One of the most popular models used to solve the link prediction task involves embedding the KG, that is, mapping entities and relations in the KG to high dimensional vectors, in which each entity and relation mapping considers the structure of the graph as constraints 

Bordes et al. (2013); Yang et al. (2014); Lin et al. (2015). These techniques have proven to be the state-of-the-art in modeling static knowledge graphs and inferring new facts from the KG based on the existing ones. Similarly, temporal knowledge graph embedding methods learn an additional mapping for time. Different methods differ based on how they map the elements in the knowledge graph and their scoring function.

In this paper, we propose ChronoR, a novel temporal link prediction model based on

-dimensional rotation. We formulate the link prediction problem as learning representations for entities in the knowledge graph and a rotation operator based on each fact’s relation and temporal elements. Further, we show that the proposed scoring function is a generalization of previously used scoring functions for the static KG link prediction task. We also provide insights into the regularization used in other similar models and propose a new regularization method inspired by tensor nuclear norms. Empirical experiments also confirm its advantages. Our experiments on available benchmarks show that ChronoR outperforms previous state-of-the-art methods.

The rest of the paper is organized as follows: Section 2 covers the relevant previous work, Section 3 formally defines the temporal knowledge graph completion problem, in Section 4 we go over the proposed model’s details and learning procedure, Section 5 details the loss and regulation functions, Section 6 discusses the experimental setup, and Section 7 concludes our work.

2 Related Work

2.1 Static KG Embeddings

There has been a substantial amount of research in KG embedding in the non-temporal domain. One of the earliest models, TransE Bordes et al. (2013), is a translational distance-based model, which embeds the entities h and t, along with relation r, and maps them through the function: h + r = t. There have been several extensions to TransE, including TransH Wang et al. (2014)

which models relations as hyperplanes; TransR 

Lin et al. (2015) which embed entities and relations in separate spaces and TransD Ji et al. (2015) in which two vectors represent each element in a triple in order to represent the elements and construct mapping matrices. Other works, such as DistMult Yang et al. (2014), represent relations as bilinear functions. ComplEx Trouillon et al. (2016) extends DistMult to the complex space. RotatE Sun et al. (2019) also embeds the entities in the complex space, and treats relations as planar rotations. QuatE Zhang et al. (2019) embeds each element using quaternions.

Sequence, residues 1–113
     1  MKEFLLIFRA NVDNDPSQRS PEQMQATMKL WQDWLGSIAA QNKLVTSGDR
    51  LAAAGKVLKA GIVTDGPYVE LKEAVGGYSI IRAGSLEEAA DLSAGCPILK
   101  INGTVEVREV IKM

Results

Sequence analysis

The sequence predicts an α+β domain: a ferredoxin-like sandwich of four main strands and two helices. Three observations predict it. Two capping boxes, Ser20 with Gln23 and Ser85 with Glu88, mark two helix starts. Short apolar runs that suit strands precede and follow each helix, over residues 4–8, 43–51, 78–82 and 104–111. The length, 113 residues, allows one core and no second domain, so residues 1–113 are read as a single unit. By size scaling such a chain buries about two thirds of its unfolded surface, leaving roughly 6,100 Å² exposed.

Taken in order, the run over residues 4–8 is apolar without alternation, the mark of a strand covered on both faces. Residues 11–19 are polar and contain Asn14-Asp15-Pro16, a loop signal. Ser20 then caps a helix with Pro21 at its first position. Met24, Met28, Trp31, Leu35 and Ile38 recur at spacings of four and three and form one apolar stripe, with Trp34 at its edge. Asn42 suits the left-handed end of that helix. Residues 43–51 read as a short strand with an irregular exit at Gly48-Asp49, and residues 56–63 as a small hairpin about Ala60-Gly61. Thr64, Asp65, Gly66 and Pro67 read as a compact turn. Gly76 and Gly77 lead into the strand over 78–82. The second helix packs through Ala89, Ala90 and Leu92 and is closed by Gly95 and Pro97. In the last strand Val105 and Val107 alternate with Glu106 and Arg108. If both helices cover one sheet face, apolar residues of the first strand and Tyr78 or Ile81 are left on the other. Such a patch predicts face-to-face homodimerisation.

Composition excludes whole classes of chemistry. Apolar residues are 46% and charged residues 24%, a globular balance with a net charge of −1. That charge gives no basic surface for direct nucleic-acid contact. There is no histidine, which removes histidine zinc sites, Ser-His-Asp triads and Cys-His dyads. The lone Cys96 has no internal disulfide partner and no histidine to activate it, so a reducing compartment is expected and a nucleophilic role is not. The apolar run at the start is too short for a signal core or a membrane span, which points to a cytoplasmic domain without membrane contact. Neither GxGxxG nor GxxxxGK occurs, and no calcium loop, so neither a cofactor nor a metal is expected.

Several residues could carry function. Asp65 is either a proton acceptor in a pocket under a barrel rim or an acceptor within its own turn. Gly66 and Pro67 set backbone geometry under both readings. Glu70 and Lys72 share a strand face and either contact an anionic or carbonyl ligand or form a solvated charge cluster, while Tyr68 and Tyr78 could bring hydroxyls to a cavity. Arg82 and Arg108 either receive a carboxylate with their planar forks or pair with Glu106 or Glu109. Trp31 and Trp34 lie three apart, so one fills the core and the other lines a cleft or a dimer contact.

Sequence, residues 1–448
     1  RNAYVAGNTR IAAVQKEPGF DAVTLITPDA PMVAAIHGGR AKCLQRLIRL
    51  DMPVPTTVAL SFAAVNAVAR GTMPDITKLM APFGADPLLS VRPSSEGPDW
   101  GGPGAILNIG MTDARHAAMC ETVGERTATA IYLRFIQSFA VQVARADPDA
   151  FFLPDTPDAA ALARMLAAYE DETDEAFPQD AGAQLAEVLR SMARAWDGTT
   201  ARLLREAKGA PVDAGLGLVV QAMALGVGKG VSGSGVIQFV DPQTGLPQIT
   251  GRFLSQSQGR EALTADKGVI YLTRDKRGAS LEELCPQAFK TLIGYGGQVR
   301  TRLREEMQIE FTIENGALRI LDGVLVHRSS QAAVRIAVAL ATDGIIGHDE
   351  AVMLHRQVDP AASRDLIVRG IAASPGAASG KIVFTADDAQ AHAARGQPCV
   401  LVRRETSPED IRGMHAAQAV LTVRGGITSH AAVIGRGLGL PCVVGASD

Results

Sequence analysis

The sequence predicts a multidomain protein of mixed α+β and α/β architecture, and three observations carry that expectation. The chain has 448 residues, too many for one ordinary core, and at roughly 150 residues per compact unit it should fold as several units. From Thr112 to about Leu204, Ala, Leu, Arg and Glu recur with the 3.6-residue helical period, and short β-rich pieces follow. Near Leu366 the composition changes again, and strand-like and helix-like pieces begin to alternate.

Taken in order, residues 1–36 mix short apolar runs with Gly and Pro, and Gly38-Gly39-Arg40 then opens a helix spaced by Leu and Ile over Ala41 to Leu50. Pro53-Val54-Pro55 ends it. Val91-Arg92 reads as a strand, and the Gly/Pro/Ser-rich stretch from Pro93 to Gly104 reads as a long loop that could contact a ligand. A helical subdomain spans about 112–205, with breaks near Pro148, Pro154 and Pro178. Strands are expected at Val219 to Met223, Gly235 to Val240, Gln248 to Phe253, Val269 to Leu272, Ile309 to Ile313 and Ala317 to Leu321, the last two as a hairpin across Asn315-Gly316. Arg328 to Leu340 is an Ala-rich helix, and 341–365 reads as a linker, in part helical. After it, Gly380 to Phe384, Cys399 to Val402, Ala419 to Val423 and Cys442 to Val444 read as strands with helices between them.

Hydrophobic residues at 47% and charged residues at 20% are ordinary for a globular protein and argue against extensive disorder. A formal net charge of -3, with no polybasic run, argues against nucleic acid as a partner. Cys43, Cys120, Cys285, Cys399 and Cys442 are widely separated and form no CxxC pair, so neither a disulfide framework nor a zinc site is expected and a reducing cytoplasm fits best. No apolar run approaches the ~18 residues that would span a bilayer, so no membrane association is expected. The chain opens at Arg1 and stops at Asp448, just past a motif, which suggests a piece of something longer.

2.2 Temporal Embeddings

There has been a wide range of approaches to the problem of temporal link prediction Kazemi and Goel (2020). A straightforward technique is to ignore the timestamps and make a static KB by aggregating links across different times Liben-Nowell and Kleinberg (2007), then learn a static embedding for each entity. There have been several attempts to improve along this direction by giving more weights to the links that are more recent Sharan and Neville (2008); Ibrahim and Chen (2015); Ahmed and Chen (2016); Ahmed et al. (2016). In contrast to these methods, Yao et al. (2016) first learn embeddings for each snapshot of the KB, then aggregate the embeddings by using a weighted average of them. Several techniques have been proposed for the choice of weights of the embedding aggregation, for instance, based on ARIMA Güneş et al. (2016)

or reinforcement learning

Moradabadi and Meybodi (2017).

Some of the other works to extend sequence models to TKG. Sarkar et al. (2007)

employs a Kalman filter to learn dynamic node embeddings.

Garcia-Duran et al. (2018) use recurrent neural nets (RNN) to accommodate for temporal data and extend DistMult and TransE to TKG. For each relation, a temporal embedding has been learned by feeding time characters and the static relation embedding to an LSTM. This method only learns dynamic embedding for relations, not entities. Furthermore, Han et al. (2020) utilize a temporal point process parameterized by a deep neural architecture.

In one of the earliest works to employ representation learning techniques for reasoning over TKGs Sadeghian et al. (2016), proposed both an embedding method as well as rule mining methods for reasoning over TKGs. Another related work, t-TransE  Jiang et al. (2016), learns time-based embeddings indirectly by learning the order of time-sensitive relations, such as wasBornIn followed by diedIn. Esteban et al. (2016) also impose temporal order constraints on their data by adding an element to their quadruple (s,p,o,t:Bool), where Bool indicates if the fact vanishes or continues after time t. However, the model is only demonstrated on medical and sensory data.